Media outlets put their own spin on Antarctic ice core records showing recent rapid warming
- 28 Aug 2012, 11:10
- Freya Roberts
Source: British Antarctic Survey
study published in Nature last week documents temperature
changes in the Antarctic Peninsula over the last 15,000 years - and
predicts that if recent rapid warming continues, previously stable
ice shelves could be threatened. Although the research makes no
attempt to attribute the warming effect to any one cause, it would
be hard to work that out from some of the coverage of the report
online and in the media, which has absorbed the findings into
familiar arguments about whether climate change is happening or
The ice sheet covering Antarctica is simply enormous, concealing
an entire continent and extending into the surrounding ocean as
great ice shelves. The research concentrated on documenting
temperature changes in just one part of the continent - the
Antarctic Peninsula - which has experienced
rapid warming over the last few decades.
The study's authors were, in fact, very careful to put the modern
changes, observed in weather station records and satellite images,
into the context of longer-term climate trends without any attempt
to attribute their causes.
That hasn't stopped several outlets from imposing their own
narrative on the study. Climate skeptic IT blog
The Register claims, for example, that this latest research
proves "warming is nothing unusual", despite the paper itself
describing warming in recent decades as specifically 'unusual'.
Another skeptic blog,
Watts Up With That, headlines its article "Antarctic peninsula
was 1.3°C warmer than today 11,000 years ago".
In contrast to the 'nothing to see here' stories, others have
inferred that the warming is human-caused.
The Australian headlines its article 'Humans partly to blame
for Antarctic ice shelf collapse: study'.
NPR, meanwhile, says 'Humans' Role In Antarctic Ice Melt Is
Unclear'. But the study itself doesn't discuss the causes of
What the study found
The research uses an ice core drilled from James Ross Island, just
off the Antarctic Peninsula. Scientists were able to analyse the
chemical composition of tiny air bubbles trapped in the ice to
reconstruct temperatures over the last 15,000 years in the
The records show that as the earth emerged from glaciation about
11,000 years ago, temperatures on the Antarctic Peninsula reached
roughly 1.3 degrees Celsius warmer than today. In these conditions
some of the surrounding ice shelves retreated.
In time, the region began cooling and ice shelves regrew. The
Antarctic Peninsula experienced stable conditions for a period of
about 7000 years before cooling again - with temperatures reaching
their lowest about 600 years ago.
The ice core shows that from around 1400, warming began again.
While the warming was comparatively slow to begin with,
temperatures over the last century rose at a rate of about 1.56
degrees Celsius per century, and the last 50 years saw warming
happening even faster.
Over recent decades, a number of ice shelves on the peninsula have
collapsed, which the
study links to warming in the region. Dr Nerilie Abram,
co-author of the paper,
suggests the gradual warming over many centuries left ice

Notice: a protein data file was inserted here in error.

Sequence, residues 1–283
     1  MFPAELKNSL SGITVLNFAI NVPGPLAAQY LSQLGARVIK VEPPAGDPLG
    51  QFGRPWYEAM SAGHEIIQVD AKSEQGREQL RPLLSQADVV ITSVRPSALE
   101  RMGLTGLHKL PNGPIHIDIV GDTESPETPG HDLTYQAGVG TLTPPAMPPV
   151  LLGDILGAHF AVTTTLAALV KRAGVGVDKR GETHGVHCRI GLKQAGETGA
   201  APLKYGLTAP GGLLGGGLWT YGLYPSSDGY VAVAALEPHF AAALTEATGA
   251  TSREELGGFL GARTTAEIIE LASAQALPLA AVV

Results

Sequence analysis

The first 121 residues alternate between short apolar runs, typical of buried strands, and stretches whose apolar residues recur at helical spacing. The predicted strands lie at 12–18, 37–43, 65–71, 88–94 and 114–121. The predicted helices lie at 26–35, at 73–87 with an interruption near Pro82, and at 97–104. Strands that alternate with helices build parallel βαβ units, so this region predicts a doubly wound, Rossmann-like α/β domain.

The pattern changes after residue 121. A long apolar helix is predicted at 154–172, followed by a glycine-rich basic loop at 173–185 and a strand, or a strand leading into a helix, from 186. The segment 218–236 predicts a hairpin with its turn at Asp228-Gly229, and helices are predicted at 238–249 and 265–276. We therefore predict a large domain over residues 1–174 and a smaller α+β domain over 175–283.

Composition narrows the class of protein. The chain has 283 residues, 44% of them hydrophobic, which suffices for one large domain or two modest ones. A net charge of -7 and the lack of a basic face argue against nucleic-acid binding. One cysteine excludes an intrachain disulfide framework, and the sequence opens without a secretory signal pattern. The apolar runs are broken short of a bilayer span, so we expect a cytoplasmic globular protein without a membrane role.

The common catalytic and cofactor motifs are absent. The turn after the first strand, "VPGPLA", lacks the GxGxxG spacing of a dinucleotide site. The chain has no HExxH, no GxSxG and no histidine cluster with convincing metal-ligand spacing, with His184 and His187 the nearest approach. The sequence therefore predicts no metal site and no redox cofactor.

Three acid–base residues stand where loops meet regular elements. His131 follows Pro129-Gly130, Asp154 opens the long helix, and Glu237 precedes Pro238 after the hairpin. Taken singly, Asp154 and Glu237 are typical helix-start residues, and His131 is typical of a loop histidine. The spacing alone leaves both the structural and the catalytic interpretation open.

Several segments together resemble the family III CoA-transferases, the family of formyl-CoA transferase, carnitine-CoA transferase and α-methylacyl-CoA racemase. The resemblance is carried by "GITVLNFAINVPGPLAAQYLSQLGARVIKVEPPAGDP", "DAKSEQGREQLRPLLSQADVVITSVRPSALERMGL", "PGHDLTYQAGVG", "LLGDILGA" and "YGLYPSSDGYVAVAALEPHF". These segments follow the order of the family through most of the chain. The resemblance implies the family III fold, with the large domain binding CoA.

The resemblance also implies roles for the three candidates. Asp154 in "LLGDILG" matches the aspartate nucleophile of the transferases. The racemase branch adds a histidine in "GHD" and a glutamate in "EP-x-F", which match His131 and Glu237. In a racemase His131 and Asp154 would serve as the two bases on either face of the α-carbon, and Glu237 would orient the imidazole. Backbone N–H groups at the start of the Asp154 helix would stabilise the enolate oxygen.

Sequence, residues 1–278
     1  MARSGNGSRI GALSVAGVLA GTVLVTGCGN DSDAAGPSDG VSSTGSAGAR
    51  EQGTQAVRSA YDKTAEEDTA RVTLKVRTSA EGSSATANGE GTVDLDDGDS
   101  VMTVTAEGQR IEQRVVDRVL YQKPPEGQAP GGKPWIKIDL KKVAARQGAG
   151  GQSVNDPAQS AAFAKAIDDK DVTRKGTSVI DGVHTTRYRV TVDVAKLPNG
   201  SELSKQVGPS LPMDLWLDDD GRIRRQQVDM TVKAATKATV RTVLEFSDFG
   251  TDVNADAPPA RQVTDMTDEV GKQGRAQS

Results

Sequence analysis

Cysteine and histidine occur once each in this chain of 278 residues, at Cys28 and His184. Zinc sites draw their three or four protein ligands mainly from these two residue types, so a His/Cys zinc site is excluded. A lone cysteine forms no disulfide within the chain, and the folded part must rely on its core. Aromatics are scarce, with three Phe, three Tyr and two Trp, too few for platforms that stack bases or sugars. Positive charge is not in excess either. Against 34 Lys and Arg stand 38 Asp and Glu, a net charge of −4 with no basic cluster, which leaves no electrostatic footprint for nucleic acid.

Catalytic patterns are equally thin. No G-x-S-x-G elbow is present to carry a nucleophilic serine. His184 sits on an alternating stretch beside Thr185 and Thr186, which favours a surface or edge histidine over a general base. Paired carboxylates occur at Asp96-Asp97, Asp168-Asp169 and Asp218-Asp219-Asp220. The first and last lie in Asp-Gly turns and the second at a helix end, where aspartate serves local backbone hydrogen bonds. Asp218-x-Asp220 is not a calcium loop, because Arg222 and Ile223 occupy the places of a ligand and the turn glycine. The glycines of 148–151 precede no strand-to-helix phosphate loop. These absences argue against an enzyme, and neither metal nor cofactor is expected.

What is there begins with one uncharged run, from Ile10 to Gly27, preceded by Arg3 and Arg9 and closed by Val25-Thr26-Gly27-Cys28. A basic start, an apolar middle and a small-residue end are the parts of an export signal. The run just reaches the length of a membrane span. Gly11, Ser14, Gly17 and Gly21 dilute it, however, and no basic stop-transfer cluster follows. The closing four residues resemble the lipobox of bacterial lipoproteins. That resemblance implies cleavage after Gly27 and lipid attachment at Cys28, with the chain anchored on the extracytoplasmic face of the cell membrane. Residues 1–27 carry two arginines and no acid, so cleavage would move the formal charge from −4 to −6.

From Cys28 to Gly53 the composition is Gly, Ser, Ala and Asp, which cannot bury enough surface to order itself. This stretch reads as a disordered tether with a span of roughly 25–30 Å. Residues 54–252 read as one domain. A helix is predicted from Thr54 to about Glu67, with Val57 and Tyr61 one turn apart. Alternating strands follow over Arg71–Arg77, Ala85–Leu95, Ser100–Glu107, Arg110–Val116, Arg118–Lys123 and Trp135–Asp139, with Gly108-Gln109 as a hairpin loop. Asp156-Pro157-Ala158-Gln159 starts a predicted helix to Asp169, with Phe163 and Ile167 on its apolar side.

shelves "poised for the succession of collapses that we have
witnessed over the last two decades", during the recent rapid
Unusual but not unprecedented warming
Putting recent temperature rise into context, the authors explain
that the speed at which the Antarctic Peninsula has warmed over the
last few decades "is unusual but not unprecedented".
original press release had contradicted this, stating:
"The scientists reveal that the rapid
warming of this region over the last 100 years has been
The press release was quickly changed - although not before
The Register pointed it out. Lead author of the study, Dr
Mulvaney, told us that this was an error made by an editor that was
It should be noted though that the term 'unusual' might not
really encapsulate how rapid the recent warming is. The ice core
shows that over the last century, mean temperatures on the
peninsula increased by about 1.56 degrees Celsius. The authors say
that that this puts the last century in the top 0.3 per cent of
hundred year periods from the last 2000, ranked by speed of
to put it another way, as Realclimate say, the
paper shows the most recent warming is faster than 99.7% of any
other given 100-year period in the last 2000 years.
So recent warming in the region isn't unprecedented, but has
happened this fast only very infrequently over the past two
Caused by climate change?
On its own, this one temperature record proves very little about
changes happening to the climate on a global scale. It doesn't tell
us about the cause of temperature change in the region, or more
Factor this study into what's being observed worldwide, however,
and it contributes to the broader picture. Ice sheets in
both the northern and southern hemisphere are experiencing loss
at the same time - and that is out of the ordinary.
previously highlighted research comparing Arctic and Antarctic
ice shelf retreat over the last twelve thousand years, which shows
that the last few decades is the only point in that period when ice
shelves have retreated simultaneously at both poles. Adding to
research shows that the current warming is the first instance
over the last twenty thousand years in which both hemispheres have
So while the Nature study's ice core record of temperature change
doesn't speculate about causes, it documents recent warming, seen
elsewhere in both the north and south hemispheres. Dr Mulvaney and
his team predict that if the peninsula continues to warm,
previously stable ice shelves will be threatened. And that could
change the Antarctic Peninsula beyond anything that's been
witnessed in the last 15,000 years.